For example, the number validator supports too Big and too Small to describe the validation failure when the value being validated is too big and too small, respectively.
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For example, really work, you should declare validation rules for the attributes you plan to validate.
This should be done by overriding the yii\base\Model::rules() method.
The following example shows how the validation rules for the Most validators have default error messages that will be added to the model being validated when its attributes fail the validation.
For example, the required validator will add a message "Username cannot be blank." to a model when the Some validators may support additional error messages to more precisely describe different causes of validation failures.
As a rule of thumb, you should never trust the data received from end users and should always validate it before putting it to good use.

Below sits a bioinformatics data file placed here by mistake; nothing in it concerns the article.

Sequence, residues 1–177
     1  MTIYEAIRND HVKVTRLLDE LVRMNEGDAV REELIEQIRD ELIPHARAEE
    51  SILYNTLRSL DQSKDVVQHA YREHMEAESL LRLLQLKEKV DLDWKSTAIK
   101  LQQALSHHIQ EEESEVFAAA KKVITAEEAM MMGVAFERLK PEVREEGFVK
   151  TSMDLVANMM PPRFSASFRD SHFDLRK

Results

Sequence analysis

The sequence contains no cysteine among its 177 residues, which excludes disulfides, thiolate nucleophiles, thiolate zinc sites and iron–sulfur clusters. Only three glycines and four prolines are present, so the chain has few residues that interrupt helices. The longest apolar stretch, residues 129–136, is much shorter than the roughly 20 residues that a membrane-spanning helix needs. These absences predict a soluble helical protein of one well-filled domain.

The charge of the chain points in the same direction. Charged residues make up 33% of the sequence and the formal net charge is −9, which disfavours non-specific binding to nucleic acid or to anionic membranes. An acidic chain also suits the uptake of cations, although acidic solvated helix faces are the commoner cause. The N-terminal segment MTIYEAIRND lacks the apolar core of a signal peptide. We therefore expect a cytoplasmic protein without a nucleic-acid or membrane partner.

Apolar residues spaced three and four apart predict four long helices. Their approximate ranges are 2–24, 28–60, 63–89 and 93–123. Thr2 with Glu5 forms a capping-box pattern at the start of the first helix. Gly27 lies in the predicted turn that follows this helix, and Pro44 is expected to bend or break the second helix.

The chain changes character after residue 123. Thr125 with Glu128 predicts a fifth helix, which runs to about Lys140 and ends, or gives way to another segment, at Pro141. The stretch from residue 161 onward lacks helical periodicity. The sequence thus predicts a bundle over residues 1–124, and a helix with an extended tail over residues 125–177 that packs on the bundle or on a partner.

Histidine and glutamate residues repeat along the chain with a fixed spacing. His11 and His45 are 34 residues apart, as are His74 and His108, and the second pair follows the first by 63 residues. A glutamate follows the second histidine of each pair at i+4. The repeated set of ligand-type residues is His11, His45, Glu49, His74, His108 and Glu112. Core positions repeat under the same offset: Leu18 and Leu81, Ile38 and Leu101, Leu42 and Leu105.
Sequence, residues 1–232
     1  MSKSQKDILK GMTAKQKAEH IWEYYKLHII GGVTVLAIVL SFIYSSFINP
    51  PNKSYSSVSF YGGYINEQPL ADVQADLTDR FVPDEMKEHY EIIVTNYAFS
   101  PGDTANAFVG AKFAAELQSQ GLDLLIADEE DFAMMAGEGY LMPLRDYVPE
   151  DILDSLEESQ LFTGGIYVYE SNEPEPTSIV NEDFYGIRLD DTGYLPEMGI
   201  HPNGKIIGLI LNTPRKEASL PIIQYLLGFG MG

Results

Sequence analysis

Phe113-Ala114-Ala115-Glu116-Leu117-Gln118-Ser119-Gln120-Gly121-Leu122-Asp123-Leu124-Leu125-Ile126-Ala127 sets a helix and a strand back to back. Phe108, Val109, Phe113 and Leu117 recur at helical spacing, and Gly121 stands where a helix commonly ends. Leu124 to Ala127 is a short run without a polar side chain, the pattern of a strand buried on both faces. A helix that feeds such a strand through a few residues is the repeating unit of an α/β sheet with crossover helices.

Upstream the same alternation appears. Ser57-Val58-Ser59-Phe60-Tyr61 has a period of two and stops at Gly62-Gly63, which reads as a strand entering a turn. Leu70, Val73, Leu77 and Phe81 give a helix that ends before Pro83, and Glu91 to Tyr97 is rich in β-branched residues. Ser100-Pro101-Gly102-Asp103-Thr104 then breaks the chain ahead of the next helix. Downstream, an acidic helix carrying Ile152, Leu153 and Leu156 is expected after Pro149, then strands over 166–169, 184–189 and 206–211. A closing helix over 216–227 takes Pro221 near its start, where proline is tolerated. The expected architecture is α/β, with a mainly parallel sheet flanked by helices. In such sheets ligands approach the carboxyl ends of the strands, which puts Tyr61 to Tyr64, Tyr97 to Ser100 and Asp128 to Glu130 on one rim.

Given a model populated with user inputs, you can validate the inputs by calling the yii\base\Model::validate() method.The method will return a boolean value indicating whether the validation succeeded or not.If not, you may get the error messages from the yii\base\Model::$errors property.For example, If you also need to support client-side conditional validation, you should configure the when Client property which takes a string representing a Java Script function whose return value determines whether to apply the rule or not. As you can see, these validation rules do not really validate the inputs.Instead, they will process the values and save them back to the attributes being validated.When input data are submitted from HTML forms, you often need to assign some default values to the inputs if they are empty. For example, By default, an input is considered empty if its value is an empty string, an empty array or a null.